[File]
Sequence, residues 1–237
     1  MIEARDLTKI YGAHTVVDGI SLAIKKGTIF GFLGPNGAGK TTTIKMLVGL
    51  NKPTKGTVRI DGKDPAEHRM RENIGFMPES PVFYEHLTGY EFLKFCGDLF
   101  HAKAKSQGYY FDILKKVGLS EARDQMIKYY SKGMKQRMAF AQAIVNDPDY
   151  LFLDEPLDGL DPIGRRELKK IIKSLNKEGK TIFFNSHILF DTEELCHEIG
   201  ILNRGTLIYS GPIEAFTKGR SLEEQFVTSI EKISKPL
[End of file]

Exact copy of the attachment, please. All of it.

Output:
Sequence, residues 1–237
     1  MIEARDLTKI YGAHTVVDGI SLAIKKGTIF GFLGPNGAGK TTTIKMLVGL
    51  NKPTKGTVRI DGKDPAEHRM RENIGFMPES PVFYEHLTGY EFLKFCGDLF
   101  HAKAKSQGYY FDILKKVGLS EARDQMIKYY SKGMKQRMAF AQAIVNDPDY
   151  LFLDEPLDGL DPIGRRELKK IIKSLNKEGK TIFFNSHILF DTEELCHEIG
   201  ILNRGTLIYS GPIEAFTKGR SLEEQFVTSI EKISKPL